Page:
Gibson SG Les Paul

Classic shape that filled big shoes... for awhile
Gibson SG Les Paul
1965 SG in faded Pelham Blue, and a ’62 in Cherry Red. Photo: Jim Singleton/VG Archive.

In 1961, Gibson replaced its Les Paul series with a new line of lightweight, ultrathin, all mahogany, double-cutaway solidbodies the SG (for solid guitar). Developed under the aegis of Ted McCarty and introduced as the “new Les Paul,” the SG heralded new directions and a new marketing emphasis for Gibson; trends exemplified only two years later with the introduction of the radical Firebird guitars and Thunderbird basses, available in custom colors. The SG Standard model, centerpiece of its line, is a Cherry Red guitar, and early-’60s examples with factory finishes in other colors are not very common. Original ’61/’62 Les Paul Standard model SGs (LP/SGs) in colors other than red are even more rare.


These new Les Pauls were designed and introduced, according to Les Paul, without his consultation or knowledge. Sometime in ’62, when his agreement with Gibson expired, he removed his endorsement and the line was renamed SG – its simple factory designation. No changes were made in the actual instruments, with one main exception: the ’61/’62 Les Paul Standard’s identifying, patented sideways Vibrato was replaced by Gibson’s new Vibrola on the new SG Standard.

There are, of course, anomalies and transitional exceptions; ’62 LP/SGs with Vibrolas and ’62 SG Standards with sideways vibratos. In any case, most early SG players replaced their vibratos – notorious Rube Goldberg mechanical springs-and-levers contraptions – with stop tailpieces.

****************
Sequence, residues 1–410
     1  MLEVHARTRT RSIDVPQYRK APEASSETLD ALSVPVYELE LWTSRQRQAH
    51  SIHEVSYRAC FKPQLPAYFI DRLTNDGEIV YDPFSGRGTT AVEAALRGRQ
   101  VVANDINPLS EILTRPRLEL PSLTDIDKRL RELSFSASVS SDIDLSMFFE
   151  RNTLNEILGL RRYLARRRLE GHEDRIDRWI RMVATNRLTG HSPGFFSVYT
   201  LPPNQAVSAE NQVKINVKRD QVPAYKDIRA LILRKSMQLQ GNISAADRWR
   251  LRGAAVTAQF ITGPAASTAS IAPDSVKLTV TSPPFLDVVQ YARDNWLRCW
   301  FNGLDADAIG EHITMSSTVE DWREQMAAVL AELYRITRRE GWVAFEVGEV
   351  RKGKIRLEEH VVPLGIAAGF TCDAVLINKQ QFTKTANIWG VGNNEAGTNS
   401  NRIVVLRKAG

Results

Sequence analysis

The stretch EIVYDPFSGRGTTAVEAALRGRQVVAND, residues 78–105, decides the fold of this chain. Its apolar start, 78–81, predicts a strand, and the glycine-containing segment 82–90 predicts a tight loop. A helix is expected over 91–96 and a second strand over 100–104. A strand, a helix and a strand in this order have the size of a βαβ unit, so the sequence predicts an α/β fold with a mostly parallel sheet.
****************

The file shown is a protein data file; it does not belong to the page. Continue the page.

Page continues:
The SG became one of Gibson’s most successful solidbodies and was the rock guitar of the late ’60s. It was especially popular with West Coast groups like The Doors, Quicksilver Messenger Service (John Cippolina was the master of the sideways vibrato), The Grateful Dead (Jerry Garcia), Big Brother & The Holding Company (two SGs and an EB-3) and Country Joe & The Fish (Barry Melton). But the British loved it, too; an LP/SG was Clapton’s guitar of choice with Cream, Townshend abused one when The Who played Woodstock, and we must not forget Deep Purple and Black Sabbath. Other manufacturers, including Guild, Hagstrom and Yamaha, introduced SG-style guitars, as well.

1962 Les Paul Standard in Black and Olympic White. Photo: VG Archive.

The Guitars

The ’61 LP/SG Standard had a most distinctive neck profile – extremely thin with a very wide fingerboard – that Gibson fattened up in ’62 because the shape was one of Les Paul’s (and other players’) main gripes. These necks were prone to breakage at the headstock, and often had problems at the heel, where it joined the body at the 22nd (and last) fret, making original, unrepaired examples hard to find.
It also had Patent Applied For humbuckers. Mixtures of PAFs and Patent Number pickups are common in ’62 models, and later Standards had two patent number humbuckers, although an occasional PAF has turned up in ’63 models.

These guitars share many of the same features and trimmings as their Les Paul Standard predecessors, including Kluson Deluxe tuning machines, nickel-plated hardware, and bound rosewood fingerboards with trapezoidal inlays. The headstock veneer contains a crown (also called “Holly”) pattern inlay, plus a bell-shaped truss rod cover that says “Les Paul,” instead of the “Les Paul Model” decal found on earlier Standards – although the SG-bodied Les Paul Standard in the ’62 Gibson catalog shows the old-style decal and a plain truss cover (where is that guitar?).